• A Playboy Model is a lady who has posed nude in a Playboy pictorial (but not the centerfold), or has been featured in one of Playboy's many secondary publications / news stand specials. Many Playmates have appeared in Playboy pictorials and other official publications before and after posing for the centerfold. Farrah Fawcett, Bo Derek, Cindy Crawford, etc. have all appeared in the pages of Playboy but are neither Playmates nor Bunnies. In the strictest sense, a Playboy Model is a woman contracted to the Playboy Modeling Agency. It is therefore not strictly accurate to call celebrities by the term Playboy model if they have posed for Playboy Back in the days when the Playboy Clubs were in their prime many Bunnies went on to work for the Playboy Modeling Agency, based in Los Angeles.

  • Playboy Playmates Angela Little, Lisa Dergan, Ava Fabian and Kelly Monaco wearing the Bunny outfit for a Playboy promotion.To confuse matters further, many recent Playboy Playmates and models have worn the Bunny costume for Playboy promotional events such as the Dewar's Playboy Lounge, the LA Lakers NBA celebration party, Hard Rock cafe openings, Playboy Golf Scrambles, numerous Playboy Mansion events (including as Bunny Ring Girls at boxing exhibitions), Spring Break festivities and the cancelled 2000 Democrat Presidential Fundraiser at the Los Angeles Playboy Mansion. Last, and certainly not least, the lovely Playmate Deana Brooks is adorable in her red Bunny costume as the online hostess ('Betting Bunny') for Playboy's sports and gaming websites. View the list of Current Playmate Bunnies.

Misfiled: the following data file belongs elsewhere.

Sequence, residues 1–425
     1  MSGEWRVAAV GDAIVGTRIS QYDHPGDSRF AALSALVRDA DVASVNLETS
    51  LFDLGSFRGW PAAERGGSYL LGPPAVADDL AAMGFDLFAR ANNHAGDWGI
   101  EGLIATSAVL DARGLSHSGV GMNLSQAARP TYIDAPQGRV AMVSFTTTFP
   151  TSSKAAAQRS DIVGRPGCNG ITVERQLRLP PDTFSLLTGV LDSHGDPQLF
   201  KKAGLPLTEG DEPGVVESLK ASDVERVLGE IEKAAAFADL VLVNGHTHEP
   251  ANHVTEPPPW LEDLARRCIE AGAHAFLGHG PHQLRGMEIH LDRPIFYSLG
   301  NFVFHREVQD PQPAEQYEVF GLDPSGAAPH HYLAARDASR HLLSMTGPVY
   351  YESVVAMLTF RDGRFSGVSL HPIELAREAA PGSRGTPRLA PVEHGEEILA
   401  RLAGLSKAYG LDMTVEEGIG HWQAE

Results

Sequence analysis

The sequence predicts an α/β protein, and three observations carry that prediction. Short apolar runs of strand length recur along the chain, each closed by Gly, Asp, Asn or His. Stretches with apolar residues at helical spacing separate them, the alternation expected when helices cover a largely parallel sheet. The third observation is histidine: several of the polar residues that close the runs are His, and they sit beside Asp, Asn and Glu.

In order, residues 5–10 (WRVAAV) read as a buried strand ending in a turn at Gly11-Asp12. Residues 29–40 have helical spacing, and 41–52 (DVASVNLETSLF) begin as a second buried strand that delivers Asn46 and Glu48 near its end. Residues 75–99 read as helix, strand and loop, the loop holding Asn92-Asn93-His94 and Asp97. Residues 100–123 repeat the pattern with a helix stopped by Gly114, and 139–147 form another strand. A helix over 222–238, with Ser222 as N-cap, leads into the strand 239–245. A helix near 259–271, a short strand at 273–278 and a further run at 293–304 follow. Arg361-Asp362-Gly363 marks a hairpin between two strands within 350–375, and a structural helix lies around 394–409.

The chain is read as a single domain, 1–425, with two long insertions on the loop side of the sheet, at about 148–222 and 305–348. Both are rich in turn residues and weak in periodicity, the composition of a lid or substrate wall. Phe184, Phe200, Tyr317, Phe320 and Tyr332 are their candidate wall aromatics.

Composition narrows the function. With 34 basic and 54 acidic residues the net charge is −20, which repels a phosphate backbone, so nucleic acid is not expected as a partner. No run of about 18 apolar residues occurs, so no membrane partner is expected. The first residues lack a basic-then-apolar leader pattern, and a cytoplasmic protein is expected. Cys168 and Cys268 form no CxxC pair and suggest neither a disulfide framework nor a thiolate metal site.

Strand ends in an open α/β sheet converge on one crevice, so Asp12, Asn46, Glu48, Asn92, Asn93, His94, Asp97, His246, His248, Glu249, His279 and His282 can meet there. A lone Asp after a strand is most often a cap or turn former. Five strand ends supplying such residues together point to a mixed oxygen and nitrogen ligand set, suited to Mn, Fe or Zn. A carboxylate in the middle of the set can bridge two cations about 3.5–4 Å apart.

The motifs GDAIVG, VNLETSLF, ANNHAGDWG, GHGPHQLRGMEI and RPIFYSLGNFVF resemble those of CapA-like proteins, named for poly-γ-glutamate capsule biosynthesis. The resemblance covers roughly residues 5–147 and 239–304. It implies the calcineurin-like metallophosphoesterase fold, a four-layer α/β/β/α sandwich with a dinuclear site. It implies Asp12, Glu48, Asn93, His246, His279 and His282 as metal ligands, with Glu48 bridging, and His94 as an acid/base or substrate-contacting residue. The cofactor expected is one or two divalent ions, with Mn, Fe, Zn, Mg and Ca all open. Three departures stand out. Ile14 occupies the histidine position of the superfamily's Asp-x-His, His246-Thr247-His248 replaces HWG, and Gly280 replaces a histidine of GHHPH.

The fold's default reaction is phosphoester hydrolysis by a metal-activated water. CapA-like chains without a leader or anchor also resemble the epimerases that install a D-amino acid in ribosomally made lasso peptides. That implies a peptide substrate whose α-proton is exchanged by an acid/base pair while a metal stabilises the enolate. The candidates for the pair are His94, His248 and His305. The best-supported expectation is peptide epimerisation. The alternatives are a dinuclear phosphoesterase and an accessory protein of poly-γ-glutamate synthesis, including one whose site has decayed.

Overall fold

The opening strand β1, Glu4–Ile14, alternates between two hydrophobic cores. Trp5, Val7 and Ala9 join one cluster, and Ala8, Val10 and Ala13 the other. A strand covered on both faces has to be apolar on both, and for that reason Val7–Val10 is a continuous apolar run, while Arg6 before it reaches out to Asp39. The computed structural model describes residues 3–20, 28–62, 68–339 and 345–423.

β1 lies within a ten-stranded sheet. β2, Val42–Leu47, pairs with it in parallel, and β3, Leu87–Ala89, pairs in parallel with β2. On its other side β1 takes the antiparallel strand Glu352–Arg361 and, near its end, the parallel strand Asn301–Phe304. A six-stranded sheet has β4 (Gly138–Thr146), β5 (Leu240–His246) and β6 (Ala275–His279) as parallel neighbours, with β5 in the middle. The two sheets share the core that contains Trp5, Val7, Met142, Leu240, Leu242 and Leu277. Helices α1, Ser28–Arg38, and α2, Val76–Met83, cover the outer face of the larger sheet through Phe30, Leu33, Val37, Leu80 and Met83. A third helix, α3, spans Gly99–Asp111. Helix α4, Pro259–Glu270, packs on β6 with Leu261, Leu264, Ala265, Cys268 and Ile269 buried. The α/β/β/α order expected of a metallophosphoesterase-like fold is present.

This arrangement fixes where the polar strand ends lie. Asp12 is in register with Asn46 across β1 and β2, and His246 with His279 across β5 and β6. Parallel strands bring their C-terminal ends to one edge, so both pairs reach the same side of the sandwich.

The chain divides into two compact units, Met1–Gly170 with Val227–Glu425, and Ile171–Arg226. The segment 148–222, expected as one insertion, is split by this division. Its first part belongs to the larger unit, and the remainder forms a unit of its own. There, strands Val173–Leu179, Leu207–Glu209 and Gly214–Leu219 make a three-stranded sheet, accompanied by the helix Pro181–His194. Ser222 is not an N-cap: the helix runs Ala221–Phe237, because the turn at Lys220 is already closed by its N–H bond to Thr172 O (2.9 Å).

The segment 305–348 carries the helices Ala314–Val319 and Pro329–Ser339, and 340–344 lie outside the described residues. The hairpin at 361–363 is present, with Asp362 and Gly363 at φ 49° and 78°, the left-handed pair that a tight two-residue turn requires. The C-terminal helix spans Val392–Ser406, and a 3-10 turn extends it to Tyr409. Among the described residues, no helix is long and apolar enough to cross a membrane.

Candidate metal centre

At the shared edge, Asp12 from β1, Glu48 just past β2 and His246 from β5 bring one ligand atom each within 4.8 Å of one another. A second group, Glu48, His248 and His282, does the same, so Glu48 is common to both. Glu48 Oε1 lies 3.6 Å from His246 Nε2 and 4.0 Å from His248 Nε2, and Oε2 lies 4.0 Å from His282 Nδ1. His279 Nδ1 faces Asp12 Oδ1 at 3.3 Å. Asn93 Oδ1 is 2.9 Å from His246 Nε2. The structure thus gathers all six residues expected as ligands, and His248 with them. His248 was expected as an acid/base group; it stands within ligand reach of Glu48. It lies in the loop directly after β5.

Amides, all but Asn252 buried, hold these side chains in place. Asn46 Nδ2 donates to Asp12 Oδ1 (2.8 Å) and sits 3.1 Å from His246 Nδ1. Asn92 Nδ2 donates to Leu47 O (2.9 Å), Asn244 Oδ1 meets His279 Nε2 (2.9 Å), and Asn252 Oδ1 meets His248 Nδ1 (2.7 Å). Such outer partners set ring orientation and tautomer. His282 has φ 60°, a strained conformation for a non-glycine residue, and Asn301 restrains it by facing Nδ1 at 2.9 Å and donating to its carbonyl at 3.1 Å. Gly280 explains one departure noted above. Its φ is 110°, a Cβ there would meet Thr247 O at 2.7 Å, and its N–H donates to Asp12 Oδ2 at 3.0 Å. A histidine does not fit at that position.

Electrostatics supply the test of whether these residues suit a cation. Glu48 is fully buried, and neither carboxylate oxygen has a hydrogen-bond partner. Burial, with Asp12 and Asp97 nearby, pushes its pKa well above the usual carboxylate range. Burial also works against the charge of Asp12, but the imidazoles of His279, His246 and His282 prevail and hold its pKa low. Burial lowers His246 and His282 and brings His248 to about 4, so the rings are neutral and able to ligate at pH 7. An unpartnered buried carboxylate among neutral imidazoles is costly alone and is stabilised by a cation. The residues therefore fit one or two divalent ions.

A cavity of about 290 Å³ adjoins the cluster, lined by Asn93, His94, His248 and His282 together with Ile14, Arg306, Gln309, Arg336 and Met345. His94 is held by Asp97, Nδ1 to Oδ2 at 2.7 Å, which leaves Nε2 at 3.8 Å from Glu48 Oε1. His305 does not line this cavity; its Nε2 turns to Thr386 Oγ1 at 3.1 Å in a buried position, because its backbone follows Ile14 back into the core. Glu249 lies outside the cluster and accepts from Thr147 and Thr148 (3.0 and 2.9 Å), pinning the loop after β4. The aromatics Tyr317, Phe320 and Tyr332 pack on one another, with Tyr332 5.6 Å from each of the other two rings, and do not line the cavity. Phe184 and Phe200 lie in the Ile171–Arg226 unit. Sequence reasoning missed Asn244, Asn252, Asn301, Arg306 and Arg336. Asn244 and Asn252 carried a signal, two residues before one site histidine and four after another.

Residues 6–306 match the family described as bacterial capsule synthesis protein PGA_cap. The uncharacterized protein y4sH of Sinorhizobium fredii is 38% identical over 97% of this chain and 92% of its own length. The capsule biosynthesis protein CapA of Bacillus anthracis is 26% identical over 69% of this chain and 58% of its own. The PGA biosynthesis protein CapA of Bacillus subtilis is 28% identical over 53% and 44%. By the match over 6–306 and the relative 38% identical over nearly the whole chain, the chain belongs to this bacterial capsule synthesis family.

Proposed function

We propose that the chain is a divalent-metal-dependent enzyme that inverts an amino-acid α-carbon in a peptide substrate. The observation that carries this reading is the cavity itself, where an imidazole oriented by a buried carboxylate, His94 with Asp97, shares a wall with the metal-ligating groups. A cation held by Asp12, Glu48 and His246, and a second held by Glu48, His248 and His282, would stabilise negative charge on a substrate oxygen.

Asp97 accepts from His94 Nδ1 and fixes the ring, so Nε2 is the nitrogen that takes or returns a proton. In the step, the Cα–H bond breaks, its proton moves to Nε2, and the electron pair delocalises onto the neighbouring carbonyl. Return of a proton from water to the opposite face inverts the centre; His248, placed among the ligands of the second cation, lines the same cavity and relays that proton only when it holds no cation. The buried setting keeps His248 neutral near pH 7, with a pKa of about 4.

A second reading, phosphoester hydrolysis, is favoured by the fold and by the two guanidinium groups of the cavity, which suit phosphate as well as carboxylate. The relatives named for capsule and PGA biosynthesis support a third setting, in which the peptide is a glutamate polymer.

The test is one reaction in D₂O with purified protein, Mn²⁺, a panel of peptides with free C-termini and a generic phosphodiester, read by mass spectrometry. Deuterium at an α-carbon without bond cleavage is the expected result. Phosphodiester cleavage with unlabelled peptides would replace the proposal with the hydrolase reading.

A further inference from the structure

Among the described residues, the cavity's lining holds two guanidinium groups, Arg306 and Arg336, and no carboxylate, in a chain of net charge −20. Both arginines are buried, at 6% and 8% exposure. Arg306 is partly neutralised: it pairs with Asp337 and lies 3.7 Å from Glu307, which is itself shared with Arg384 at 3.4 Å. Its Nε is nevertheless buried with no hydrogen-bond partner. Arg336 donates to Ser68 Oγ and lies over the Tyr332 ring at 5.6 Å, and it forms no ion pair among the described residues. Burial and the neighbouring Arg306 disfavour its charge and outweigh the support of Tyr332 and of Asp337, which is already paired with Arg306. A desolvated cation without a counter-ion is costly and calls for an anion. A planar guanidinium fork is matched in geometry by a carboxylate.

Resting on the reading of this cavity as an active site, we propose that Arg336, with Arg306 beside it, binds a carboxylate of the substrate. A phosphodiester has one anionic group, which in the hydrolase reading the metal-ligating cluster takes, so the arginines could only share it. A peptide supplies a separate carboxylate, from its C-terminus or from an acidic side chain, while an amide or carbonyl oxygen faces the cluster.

The world famous Rabbit Head logo, designed by Art PaulThe Rabbit Head Design Logo, created by original PLAYBOY art director Art Paul is also referred to as the Playboy Bunny. So too the Rabbit in a tuxedo archetype-Playboy who featured on many PLAYBOY covers (mostly in the 1950s issues but also many subsequent January issue Playmate reviews down the decades). PLAYBOY successfully marketed this character as a stuffed collectible. For more on Playboy collectibles see the article The Rabbit In Your Attic.

[Back to the top]

How do I become a Bunny?

Currently there are four Playboy Clubs in the world: Playboy at the Palms in Vegas (opened 2006), Playboy Macau (2010), Playboy Cancun (2010) and Playboy London (2011).

Before the Palms venture, in 1999, Playboy briefly re-entered the casino industry with a new Playboy Casino, staffed by Bunnies, on the Greek island of Rhodos. Unfortunately the casino was not a success and Playboy pulled out of the venture.